Dr Fraser Birrell presents a short video on treating arthritis with home methods.
Dr Fraser Birrell presents this short video on professional help available to manage arthritis pain.
Katy is a young woman living with rheumatoid arthritis. Watch her inspiring story and find out about how she deals with her condition.
Jane Asher, president of Arthritis Care, explains how you can eat a healthy balanced diet to improve the symptoms of your arthritis.
Dr Carol Cooper presents a short video for Arthritis Care on What Is JIA, its symptoms and treatment options available.
Hannah developed JIA, or Juvenile Idiopathic Arthritis when she was 8 years old. Find out how she copes with life and how a special talent has taken her to the commonwealth games!
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Do you know all of the treatments available for your arthritis? Watch this video to find out
Many arthritis sufferers also experience depression. If you are one of them then this video can help.
Suffering with rheumatoid arthritis? Learn about new treatments that can slow the disease.
Hi my name is Dr Fraser Birrell. I’m a consultant rheumatologist with Northumbria Healthcare and an honorary clinical senior lecturer at Newcastle University. I’ve been asked by Arthritis Care to make a short film on coping with pain when you have arthritis. The most important message is that you can cope with pain and still live enjoy life.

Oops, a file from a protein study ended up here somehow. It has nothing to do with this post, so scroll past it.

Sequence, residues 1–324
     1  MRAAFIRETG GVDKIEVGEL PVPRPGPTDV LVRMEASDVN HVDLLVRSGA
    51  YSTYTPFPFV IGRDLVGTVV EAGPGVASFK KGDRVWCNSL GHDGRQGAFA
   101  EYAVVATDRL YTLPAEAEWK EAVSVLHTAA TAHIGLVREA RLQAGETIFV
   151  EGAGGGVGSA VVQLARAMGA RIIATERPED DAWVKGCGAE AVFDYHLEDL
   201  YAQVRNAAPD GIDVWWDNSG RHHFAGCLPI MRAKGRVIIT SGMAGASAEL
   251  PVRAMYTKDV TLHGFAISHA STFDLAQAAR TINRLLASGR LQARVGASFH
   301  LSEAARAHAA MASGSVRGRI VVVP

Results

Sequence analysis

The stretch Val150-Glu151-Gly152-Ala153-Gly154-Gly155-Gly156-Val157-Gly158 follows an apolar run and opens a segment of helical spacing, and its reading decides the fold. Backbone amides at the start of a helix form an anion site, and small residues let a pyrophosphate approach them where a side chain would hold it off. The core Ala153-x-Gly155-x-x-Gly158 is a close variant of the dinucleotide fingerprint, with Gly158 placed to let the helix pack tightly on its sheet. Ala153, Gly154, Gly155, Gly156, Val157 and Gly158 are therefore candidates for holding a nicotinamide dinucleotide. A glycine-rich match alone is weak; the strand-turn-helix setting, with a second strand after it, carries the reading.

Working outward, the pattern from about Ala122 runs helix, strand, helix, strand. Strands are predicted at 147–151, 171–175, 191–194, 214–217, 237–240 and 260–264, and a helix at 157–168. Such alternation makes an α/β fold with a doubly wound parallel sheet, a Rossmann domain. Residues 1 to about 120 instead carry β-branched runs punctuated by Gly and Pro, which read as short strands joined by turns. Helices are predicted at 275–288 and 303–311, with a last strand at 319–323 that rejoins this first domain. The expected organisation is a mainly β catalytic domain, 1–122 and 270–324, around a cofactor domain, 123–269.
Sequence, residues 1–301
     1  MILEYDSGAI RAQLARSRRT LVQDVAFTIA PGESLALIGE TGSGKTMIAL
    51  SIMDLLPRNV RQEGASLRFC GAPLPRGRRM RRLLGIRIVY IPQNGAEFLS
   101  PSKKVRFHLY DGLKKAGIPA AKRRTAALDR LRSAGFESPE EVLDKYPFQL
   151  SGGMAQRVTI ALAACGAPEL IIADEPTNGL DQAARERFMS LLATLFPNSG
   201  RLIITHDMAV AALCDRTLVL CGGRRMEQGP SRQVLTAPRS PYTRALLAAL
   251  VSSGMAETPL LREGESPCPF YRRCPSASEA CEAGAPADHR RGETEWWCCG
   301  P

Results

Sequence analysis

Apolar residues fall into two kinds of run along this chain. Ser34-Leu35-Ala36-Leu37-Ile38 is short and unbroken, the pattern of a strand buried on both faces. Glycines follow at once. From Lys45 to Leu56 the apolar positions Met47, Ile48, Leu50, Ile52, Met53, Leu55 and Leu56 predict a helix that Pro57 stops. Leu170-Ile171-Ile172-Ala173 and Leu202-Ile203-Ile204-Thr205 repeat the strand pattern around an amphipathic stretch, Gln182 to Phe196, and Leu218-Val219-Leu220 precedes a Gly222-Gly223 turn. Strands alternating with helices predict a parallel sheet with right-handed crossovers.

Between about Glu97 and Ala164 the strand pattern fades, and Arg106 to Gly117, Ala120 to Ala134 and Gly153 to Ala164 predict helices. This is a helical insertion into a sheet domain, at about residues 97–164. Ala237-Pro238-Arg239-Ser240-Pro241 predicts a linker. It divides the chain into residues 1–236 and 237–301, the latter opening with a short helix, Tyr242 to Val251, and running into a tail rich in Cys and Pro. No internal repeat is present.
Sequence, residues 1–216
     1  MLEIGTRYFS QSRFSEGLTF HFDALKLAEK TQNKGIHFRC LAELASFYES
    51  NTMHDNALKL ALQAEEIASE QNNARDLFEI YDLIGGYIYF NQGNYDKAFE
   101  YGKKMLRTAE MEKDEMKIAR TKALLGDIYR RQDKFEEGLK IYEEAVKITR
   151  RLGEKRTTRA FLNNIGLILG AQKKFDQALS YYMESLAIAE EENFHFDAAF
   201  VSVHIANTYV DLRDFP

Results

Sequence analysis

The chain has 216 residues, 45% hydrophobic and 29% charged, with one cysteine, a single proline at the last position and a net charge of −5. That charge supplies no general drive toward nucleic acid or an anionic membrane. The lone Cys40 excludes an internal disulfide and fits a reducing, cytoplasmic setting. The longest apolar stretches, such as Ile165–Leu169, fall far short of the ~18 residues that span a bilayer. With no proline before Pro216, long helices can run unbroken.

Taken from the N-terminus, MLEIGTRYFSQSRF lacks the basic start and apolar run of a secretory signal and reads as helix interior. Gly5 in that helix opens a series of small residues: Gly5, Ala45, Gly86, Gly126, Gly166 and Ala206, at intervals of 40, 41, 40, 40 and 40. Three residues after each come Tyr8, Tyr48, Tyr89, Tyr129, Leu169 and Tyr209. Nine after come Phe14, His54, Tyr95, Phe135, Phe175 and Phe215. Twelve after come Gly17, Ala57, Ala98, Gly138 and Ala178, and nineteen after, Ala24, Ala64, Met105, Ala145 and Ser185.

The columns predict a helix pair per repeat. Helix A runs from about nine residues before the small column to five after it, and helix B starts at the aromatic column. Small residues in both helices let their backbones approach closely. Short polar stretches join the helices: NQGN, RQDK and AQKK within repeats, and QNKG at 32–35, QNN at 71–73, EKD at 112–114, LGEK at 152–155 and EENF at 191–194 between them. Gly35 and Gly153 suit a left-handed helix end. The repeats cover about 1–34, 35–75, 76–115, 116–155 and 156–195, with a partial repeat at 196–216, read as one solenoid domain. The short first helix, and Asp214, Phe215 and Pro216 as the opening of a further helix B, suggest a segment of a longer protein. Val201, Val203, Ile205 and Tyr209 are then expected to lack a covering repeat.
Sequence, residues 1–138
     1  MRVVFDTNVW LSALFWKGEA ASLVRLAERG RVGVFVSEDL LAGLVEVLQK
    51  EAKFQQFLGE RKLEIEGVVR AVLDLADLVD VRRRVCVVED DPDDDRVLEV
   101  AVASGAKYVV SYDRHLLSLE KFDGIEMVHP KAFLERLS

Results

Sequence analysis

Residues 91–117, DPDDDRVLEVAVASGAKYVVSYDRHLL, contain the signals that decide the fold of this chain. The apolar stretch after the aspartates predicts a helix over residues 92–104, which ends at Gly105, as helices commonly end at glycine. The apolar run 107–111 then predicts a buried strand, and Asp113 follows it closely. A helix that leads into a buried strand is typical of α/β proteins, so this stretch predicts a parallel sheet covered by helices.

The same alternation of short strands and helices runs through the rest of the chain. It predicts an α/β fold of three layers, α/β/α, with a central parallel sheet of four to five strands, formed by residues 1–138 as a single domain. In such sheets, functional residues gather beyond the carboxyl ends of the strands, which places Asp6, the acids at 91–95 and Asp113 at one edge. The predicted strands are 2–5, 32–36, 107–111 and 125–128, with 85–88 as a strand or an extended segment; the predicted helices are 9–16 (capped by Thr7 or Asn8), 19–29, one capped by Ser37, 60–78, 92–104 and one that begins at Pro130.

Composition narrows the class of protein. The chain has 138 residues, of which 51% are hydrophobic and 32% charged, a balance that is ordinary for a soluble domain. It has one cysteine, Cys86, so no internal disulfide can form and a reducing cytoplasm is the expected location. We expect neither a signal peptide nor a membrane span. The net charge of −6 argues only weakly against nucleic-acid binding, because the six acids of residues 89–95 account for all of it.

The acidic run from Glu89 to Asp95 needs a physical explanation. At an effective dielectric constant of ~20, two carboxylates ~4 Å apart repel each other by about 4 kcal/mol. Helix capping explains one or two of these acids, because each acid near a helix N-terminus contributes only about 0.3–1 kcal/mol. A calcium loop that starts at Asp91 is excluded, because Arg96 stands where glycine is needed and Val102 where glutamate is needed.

If you are anxious or depressed then you need to make sure that there is somebody you can share those issues with. It might be appropriate to speak to your GP and make sure you can get appropriate counselling and support. Some people will even benefit from being on tablets. The important thing is that those kinds of issues tend not to go away and they make your pain worse. So make sure that you deal with them appropriately and what you will find is you will have a more positive outlook to life and your relationships will benefit too.
Some people find tablets are helpful for their pain and there are various options available over the counter, which many of you will have tried already. Even if you have tried these and not found them helpful, it might be worth asking your doctors advice. In which case they may be able to give you appropriate advice whether it is appropriate for you to take non-steroidal anti-inflammatories, although these do have risks for your tummy and also potentially a risk of heart attacks and strokes. So that has to be balanced against the benefits that you might get from these kinds of tablets. Other analgesics may also be more suitable and it depends on the individual. In general we would try the rub on preparations, which are known as topical anti-inflammatories, before tablets as these are safer.
There are also other options such as transcutaneous electrical nerve stimulation, TENS, this uses an electrical current to stimulate the skin and that helps provide a distraction and helps block the pain. If you are getting severe pain which is keeping you awake at night then your doctor would be the right person to ask about whether you need to see a surgeon and consider having an operation on the joint.
Published July 2013comments powered by Disqus